Retail Business Terms - dummies

By Rick Segel

If you run a retail business or even work in a store or for an online marketer, knowing retail-business terms is key. The following list contains key terms you need to know so that you can stay on top of the retail market:

add-on sale: Additional items a customer buys due to
suggestive selling.
e-mail marketing: Sending customers friendly reminders,
newsletters, and special event announcements via e-mail.
pay-per-click advertising: Sponsored links on the top or
right side of a Web page. You pay only when someone clicks through
to your site.
allowance: Any price reduction given for a multitude of
reasons ranging from slightly defective merchandise to a late
factor: A bank or finance company that buys the
receivables from a manufacturer. The retailer then pays the factor
for the merchandise rather than paying the vendor.
profit and loss statement (P&L): An accounting
report that highlights revenues, cost of goods sold, and net
A.T.S.: Your average transaction size. free on board (FOB): The point when the shipping costs
become the responsibility of the retailer rather than the
purchase order: The actual form used for placing an
beginning of the month inventory (BOM): Physical
inventory in the store at the beginning of the month.
guaranteed sale: A vendor’s promise to take back
unsold merchandise and issue either a refund or a merchandise
credit toward other goods.
rate card: The price list used primarily in the world of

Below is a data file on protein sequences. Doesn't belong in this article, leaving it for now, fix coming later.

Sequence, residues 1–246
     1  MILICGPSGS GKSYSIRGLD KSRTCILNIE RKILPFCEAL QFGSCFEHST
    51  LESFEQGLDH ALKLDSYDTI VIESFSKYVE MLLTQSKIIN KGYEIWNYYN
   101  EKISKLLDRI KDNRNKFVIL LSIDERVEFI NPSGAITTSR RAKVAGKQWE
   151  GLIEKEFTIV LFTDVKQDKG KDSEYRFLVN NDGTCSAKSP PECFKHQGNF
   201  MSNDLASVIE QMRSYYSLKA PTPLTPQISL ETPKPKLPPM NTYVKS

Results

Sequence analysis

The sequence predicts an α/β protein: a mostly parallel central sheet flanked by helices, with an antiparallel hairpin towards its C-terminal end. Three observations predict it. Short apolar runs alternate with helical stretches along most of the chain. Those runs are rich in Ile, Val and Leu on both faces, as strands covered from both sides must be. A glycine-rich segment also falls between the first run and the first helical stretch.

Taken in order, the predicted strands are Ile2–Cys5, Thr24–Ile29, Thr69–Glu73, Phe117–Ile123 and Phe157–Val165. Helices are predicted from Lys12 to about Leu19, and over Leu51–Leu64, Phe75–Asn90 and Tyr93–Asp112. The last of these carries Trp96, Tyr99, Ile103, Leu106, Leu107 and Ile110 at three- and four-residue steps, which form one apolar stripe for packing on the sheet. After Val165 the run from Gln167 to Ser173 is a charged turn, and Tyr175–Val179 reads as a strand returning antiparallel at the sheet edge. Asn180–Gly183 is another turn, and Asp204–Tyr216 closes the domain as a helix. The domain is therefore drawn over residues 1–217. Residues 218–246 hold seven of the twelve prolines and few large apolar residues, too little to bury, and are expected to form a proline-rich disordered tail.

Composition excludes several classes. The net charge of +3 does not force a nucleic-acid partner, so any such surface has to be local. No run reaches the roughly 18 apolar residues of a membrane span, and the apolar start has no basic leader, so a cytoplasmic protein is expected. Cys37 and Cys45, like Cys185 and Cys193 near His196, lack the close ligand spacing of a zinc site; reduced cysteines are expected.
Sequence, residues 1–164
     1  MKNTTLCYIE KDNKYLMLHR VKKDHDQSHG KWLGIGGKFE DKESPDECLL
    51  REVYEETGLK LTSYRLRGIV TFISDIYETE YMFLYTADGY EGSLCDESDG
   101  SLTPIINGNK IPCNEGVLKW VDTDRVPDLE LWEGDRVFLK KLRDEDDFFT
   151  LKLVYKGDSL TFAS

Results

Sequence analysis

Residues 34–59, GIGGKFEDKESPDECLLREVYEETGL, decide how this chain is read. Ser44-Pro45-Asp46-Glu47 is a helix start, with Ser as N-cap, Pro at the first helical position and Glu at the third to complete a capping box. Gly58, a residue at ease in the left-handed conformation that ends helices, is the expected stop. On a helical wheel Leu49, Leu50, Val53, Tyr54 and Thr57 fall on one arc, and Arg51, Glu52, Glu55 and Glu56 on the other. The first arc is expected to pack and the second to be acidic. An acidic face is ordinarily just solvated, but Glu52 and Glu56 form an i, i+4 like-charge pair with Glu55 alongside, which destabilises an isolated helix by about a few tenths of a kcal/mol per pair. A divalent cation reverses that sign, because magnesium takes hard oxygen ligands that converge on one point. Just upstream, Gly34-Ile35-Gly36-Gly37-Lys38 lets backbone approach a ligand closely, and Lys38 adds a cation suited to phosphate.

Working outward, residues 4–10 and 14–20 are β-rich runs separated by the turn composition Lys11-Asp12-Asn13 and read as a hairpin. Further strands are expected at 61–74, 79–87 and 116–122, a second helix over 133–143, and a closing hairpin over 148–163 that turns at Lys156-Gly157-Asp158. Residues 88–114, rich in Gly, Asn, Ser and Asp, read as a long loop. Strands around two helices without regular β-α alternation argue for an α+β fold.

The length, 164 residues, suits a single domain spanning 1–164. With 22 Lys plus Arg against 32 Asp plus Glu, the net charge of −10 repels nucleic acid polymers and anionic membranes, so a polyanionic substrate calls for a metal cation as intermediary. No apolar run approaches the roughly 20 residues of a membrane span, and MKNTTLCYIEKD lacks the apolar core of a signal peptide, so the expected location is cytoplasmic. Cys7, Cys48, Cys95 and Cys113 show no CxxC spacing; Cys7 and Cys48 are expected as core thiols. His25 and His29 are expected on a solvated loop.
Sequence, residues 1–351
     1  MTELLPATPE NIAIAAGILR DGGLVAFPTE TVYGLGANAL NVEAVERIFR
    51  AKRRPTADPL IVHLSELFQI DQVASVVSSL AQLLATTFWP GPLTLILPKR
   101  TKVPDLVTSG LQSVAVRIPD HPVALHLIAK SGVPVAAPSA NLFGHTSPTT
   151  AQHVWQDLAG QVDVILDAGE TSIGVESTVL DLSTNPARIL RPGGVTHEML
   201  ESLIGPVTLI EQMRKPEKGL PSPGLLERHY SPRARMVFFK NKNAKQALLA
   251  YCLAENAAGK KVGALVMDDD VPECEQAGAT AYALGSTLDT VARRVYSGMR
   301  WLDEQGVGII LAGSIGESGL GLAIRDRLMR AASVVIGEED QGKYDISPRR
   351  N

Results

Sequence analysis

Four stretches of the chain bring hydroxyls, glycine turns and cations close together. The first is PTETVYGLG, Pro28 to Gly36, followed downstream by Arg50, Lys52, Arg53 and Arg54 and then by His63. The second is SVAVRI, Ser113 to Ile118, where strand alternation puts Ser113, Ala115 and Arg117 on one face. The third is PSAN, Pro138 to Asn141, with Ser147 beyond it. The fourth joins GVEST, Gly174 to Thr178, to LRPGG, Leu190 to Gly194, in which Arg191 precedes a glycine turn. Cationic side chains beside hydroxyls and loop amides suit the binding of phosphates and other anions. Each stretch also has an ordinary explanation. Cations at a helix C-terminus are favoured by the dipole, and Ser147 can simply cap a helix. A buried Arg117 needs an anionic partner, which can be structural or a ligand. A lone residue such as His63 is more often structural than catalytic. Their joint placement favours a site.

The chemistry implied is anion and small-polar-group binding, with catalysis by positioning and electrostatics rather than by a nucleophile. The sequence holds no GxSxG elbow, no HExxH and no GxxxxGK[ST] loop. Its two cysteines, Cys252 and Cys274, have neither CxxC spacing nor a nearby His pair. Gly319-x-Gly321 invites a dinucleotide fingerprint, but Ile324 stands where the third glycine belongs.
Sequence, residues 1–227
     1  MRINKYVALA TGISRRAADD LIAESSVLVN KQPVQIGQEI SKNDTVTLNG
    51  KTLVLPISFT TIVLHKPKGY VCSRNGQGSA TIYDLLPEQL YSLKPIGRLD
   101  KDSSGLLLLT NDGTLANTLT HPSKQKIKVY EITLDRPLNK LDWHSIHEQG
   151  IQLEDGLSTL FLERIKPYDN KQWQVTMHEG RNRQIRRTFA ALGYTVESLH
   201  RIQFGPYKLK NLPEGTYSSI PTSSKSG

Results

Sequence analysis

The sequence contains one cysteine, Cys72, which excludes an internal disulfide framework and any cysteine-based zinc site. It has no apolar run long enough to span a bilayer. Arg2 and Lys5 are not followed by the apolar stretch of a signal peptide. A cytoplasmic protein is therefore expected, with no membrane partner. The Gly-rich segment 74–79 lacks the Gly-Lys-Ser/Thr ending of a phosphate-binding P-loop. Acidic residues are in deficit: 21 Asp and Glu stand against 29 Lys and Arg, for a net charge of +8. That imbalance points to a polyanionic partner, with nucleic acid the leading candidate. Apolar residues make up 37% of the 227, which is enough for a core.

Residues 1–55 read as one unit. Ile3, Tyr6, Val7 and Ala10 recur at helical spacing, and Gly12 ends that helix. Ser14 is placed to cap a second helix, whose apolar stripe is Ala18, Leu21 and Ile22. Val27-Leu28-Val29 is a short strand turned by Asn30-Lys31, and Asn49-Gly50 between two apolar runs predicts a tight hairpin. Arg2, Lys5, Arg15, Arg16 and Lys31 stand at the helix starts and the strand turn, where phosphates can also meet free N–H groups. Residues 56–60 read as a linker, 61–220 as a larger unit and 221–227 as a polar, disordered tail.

blog: A free interactive Web site that allows a business
to get closer to its customers and position itself as an
jobber: A distributor who buys merchandise to be resold
to the retailer.
resale number: A state-issued identification number
allowing a retailer to buy merchandise without having to pay sales
tax. This number and certificate are also used for admission into
most trade shows.
bottom feeders: Customers who buy only clearance
keystone: A price for merchandise that is double the
wholesale price.
run of paper (ROP): A newspaper advertising term used
when placing an ad indicating that the ad can be placed anywhere
within the newspaper.
call tag: A specific freight carrier’s written
authorization for customers to return merchandise to the retailer
at no cost.
layaway: Storing merchandise for a customer for a later
purchase, usually requiring a deposit and a time limit for the
show special: A price incentive offered by manufacturers
to induce buyers to place orders at a trade show.
charge back: Deductions on an invoice taken by the
retailer for damages, freight allowances, shortages, and so
logo: A symbol of the written name of a business; used
to represent the business.
stock keeping unit (SKU): A number assigned by a store
to identify the manufacturer, style number, size, color, and unit
price of a piece of merchandise.
consignment merchandise: Merchandise the retailer does
not own or pay for until it is sold.
markdown: The difference between the original retail
price and the reduced price.
store front: Any place where a customer can buy from
you, whether a brick-and-mortar store, your own Web site, or an
account on eBay or
deep and narrow: Large quantities of a small selection
of merchandise.
markup: The amount of money added to the wholesale price
to obtain the retail price.
substitution: Occurs when a vendor substitutes one style
for another on an open order.
dog: Slang term for merchandise that is not
off price: Merchandise that is purchased for less than
regular price.
U.P.T.: Units per transaction. A measurement that takes
an average of the amount of items sold during each sales
end of month (EOM): A term referring to either the
payment of invoices due at the end of the month in which the
merchandise was shipped or the amount of physical inventory in the
store at the end of a month.
open to buy: Budgeted amount of merchandise still open
to be purchased for a specific time period.
Web site optimization: Preparing your Web site so that
search engines are able to find it easily.